Alirio Díaz (1923–2016)
Alirio Díaz’s reputation will endure as not only the foremost guitarist of Venezuela but as one of the premier international masters of the 20 th century. Díaz hailed from the village of Caserio la Candelaria in the western part of Venezuela. Before he was ten years old, he began learning popular-style guitar from his uncle and also performed on cuatro. Such immersion in Iberoamerican popular idioms early in his life prepared him especially well for his later involvement with the music of South American composers like Heitor Villa-Lobos and Antonio Lauro in addition to his procurement and arrangement of native Venezuelan song.
In September 1945, two months prior to his seventeenth birthday, Díaz relocated to Caracas in order to further his guitar studies under Raúl Borges and Clement Pimentel. Having also learned saxophone and clarinet in his early years, he was able to sustain himself during this period by playing in military and dance bands. He gave his first recital at the Biblioteca Nacional in Caracas in 1950. In that same year the Ministry of National Education in Venezuela granted him a scholarship to study with Regino Sáinz de la Maza at the Conservatory of Music in Madrid, which he did from 1951 to 1953. Also in 1951 Díaz joined the masterclasses that Andrés Segovia held each summer in Siena, Italy, at the Chigiana Musical Academy. Three years later he became Segovia’s assistant in these classes, a role he continued to fulfill until 1963. Highlighted by European debuts in Italy and Spain in 1952, Paris in 1954, and the United States in 1959, Díaz’s recital appearances soon fanned out across the globe. Orchestral performances included a tour of Germany in 1967 with the Spanish National Orchestra conducted by Frühbeck de Burgos and collaborations in the United States the next year with José Iturbi and Leopold Stokowski.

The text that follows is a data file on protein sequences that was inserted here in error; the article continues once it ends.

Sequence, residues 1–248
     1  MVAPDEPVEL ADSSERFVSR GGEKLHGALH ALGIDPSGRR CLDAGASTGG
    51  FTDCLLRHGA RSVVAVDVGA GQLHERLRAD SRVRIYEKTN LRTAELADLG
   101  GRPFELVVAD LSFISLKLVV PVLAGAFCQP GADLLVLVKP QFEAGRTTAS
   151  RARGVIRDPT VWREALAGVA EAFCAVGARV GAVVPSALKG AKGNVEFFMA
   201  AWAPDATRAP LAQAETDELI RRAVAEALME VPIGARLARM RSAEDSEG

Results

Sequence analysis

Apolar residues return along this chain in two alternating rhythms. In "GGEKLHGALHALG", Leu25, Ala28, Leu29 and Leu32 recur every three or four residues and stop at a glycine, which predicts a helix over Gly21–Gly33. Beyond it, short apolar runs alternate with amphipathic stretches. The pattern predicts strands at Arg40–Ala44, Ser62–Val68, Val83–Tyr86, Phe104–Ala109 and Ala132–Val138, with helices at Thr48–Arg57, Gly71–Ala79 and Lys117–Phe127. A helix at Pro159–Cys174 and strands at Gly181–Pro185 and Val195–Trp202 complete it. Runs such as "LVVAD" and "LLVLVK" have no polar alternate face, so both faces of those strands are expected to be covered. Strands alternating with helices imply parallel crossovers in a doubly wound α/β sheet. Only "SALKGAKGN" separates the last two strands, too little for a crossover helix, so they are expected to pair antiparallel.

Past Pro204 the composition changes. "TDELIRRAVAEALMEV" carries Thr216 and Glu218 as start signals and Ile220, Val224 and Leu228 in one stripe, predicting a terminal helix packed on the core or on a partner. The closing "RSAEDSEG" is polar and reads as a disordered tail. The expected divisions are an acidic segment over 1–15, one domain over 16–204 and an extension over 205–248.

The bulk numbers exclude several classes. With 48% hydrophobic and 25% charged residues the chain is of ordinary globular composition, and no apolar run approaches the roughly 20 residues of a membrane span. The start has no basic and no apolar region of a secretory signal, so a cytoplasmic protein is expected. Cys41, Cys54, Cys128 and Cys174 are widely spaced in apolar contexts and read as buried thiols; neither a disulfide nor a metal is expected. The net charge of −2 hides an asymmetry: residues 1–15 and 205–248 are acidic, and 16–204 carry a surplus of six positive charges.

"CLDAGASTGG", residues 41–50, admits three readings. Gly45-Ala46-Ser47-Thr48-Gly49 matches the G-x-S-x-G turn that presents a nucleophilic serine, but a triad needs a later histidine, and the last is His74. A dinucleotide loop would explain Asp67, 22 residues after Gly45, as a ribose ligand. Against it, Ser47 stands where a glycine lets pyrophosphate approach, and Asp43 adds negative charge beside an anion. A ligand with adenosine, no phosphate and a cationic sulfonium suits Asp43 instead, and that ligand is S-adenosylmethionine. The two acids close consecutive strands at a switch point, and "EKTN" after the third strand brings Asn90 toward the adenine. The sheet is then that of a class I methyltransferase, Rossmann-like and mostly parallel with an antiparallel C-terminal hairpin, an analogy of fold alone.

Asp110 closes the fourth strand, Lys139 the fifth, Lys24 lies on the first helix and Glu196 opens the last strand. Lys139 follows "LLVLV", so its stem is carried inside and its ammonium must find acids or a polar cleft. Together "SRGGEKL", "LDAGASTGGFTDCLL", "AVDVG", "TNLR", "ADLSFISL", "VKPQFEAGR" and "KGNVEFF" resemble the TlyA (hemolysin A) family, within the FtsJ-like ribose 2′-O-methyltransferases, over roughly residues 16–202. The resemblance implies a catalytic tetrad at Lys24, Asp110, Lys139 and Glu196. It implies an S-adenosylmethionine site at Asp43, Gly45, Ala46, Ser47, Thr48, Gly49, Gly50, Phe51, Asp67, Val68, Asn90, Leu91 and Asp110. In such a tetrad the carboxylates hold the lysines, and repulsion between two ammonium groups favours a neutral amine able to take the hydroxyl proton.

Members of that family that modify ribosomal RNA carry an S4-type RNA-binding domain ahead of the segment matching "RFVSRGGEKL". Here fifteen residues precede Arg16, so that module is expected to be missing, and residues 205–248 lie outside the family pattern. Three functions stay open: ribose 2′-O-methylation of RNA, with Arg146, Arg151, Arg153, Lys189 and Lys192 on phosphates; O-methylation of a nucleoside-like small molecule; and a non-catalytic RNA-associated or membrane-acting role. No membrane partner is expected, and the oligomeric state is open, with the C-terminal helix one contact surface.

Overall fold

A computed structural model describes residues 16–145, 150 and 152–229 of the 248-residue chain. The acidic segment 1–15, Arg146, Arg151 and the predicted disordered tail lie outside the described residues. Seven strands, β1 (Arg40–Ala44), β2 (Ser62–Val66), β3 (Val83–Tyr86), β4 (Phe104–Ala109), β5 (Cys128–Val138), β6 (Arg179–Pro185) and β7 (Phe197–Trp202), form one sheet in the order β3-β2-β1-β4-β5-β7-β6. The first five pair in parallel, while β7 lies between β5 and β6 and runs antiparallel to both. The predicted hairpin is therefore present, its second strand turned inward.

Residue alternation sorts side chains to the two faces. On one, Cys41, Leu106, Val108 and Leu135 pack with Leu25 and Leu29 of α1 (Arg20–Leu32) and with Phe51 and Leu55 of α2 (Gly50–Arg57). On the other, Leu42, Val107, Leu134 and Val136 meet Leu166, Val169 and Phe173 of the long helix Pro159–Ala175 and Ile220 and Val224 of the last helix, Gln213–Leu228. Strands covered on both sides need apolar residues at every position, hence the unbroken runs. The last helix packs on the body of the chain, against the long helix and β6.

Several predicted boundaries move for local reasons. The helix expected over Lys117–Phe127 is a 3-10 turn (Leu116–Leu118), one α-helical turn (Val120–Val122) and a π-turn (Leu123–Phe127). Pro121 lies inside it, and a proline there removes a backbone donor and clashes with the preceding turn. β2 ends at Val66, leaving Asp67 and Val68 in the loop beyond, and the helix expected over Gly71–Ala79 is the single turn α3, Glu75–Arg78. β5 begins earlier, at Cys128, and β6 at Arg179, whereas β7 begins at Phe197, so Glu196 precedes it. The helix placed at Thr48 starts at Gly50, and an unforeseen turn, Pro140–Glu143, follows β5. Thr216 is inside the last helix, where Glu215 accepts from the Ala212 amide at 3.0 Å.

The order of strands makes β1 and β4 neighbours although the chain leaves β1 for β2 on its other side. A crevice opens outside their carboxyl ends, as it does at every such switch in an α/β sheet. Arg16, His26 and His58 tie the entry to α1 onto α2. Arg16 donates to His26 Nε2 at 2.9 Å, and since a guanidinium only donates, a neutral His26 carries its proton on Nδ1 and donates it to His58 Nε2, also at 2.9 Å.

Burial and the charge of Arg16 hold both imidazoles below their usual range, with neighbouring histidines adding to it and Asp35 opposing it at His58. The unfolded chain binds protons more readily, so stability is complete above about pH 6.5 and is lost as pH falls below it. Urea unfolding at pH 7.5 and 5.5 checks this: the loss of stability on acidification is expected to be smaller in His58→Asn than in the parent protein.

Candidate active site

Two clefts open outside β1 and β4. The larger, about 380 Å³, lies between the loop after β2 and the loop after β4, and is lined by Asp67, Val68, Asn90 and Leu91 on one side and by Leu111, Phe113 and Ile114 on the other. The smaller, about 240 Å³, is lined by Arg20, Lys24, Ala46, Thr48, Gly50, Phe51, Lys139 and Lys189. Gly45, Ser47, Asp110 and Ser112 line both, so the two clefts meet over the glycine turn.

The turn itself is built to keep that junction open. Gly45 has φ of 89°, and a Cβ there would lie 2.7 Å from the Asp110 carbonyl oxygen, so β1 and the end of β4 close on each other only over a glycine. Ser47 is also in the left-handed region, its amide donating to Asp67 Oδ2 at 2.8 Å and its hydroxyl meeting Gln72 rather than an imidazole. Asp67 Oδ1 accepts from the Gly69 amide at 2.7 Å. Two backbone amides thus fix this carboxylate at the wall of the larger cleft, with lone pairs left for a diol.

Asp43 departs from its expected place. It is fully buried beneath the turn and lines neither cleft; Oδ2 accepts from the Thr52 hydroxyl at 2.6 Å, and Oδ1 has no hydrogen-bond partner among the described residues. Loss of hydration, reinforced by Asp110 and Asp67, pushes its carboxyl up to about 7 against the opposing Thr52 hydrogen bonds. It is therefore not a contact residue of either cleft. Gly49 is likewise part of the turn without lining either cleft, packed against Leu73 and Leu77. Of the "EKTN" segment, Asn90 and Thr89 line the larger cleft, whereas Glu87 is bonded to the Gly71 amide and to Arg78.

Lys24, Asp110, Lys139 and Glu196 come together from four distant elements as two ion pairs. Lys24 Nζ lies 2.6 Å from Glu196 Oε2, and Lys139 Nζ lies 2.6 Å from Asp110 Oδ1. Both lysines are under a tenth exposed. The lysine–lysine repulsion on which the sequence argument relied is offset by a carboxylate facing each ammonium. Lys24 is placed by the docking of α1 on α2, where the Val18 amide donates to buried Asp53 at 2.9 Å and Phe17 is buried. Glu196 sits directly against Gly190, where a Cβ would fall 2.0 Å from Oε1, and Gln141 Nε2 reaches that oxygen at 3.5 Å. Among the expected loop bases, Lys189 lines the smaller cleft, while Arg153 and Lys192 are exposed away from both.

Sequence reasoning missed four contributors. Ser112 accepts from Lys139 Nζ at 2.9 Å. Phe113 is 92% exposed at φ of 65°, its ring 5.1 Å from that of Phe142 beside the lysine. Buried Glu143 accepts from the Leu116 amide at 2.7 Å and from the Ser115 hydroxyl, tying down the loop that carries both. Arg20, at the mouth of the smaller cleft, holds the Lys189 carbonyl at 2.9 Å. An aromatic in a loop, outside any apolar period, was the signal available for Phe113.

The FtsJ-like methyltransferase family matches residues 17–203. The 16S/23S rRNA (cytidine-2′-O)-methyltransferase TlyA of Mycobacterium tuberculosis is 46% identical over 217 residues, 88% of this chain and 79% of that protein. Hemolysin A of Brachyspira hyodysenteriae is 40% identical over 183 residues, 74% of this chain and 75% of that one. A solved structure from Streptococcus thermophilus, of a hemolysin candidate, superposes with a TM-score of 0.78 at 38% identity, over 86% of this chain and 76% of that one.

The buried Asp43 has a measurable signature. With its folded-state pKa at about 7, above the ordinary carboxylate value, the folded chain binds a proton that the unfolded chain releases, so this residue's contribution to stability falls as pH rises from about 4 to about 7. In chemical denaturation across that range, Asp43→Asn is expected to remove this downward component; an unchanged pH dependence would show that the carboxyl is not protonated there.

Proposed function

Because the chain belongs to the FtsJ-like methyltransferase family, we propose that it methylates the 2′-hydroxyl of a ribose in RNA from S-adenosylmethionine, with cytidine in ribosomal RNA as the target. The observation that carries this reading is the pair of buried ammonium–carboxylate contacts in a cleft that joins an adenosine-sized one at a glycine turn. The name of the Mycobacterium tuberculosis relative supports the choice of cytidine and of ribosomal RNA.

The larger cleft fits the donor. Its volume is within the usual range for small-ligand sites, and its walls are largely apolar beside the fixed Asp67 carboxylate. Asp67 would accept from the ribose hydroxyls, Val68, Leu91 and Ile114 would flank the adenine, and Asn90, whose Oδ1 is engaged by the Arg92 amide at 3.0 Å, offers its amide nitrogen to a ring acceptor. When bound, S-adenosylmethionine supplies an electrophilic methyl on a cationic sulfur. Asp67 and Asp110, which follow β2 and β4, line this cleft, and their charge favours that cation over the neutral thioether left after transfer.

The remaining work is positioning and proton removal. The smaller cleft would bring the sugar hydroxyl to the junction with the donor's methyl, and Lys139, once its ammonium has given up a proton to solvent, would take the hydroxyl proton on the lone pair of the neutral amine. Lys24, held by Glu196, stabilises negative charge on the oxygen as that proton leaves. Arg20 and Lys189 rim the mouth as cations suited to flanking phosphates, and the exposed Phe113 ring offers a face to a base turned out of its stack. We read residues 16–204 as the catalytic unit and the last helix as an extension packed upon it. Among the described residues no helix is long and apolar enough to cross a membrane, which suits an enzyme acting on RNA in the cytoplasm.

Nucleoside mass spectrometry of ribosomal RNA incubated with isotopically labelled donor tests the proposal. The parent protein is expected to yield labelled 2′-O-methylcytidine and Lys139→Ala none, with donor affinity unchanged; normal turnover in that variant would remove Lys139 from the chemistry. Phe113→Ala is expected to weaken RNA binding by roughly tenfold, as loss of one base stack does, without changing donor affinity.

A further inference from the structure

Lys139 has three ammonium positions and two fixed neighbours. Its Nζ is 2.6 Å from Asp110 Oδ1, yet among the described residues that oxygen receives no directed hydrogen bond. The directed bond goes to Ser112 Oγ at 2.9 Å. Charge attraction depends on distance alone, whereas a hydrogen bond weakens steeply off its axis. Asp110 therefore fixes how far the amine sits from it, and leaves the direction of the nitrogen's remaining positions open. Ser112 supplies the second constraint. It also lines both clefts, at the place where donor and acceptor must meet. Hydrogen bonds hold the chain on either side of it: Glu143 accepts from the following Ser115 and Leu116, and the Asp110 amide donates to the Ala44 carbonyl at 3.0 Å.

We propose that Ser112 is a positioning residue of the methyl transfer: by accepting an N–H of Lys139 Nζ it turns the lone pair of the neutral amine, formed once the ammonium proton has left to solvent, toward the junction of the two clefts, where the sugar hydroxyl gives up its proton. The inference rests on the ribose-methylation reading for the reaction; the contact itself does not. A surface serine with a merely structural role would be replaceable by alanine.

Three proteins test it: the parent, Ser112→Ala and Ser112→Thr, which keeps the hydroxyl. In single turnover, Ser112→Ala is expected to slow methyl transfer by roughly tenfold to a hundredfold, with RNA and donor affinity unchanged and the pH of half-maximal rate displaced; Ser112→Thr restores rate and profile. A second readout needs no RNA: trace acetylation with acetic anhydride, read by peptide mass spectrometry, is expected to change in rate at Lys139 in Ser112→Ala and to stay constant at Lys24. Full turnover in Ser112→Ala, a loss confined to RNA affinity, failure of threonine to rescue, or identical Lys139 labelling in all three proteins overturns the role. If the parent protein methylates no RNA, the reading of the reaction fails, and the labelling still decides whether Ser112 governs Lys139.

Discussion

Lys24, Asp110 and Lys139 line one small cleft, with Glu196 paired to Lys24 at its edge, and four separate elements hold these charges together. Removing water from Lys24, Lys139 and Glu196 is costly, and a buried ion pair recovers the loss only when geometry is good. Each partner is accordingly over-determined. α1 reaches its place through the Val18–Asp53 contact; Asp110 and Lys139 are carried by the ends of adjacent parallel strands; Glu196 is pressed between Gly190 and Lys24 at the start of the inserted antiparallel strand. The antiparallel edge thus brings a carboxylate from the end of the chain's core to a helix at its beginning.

During the course of his long career, Díaz supplemented his concert activity with masterclasses in numerous countries and over thirty recordings. He edited dozens of scores as well. These included the works of Lauro especially, but also Sojo, Barrios, and many lesser-known South American composers, along with music of Europe from Milan to Scarlatti to Rodrigo, and a wide array of Venezuelan and Neapolitan song arrangements. Among other acknowledgments, Venezuela has recognized Díaz’s contribution to its culture by awarding him the esteemed Orden de Andrés Bello in 1963 and serving as locus of the annual Concurso Internacional de Guitarra Alirio Díaz, established in Caracas in 1974. It is now the honor of the Guitar Foundation of America to grant its 2017 Hall of Fame accolade for Artistic Achievement to Alirio Díaz as one of the classical guitar’s greatest modern luminaries.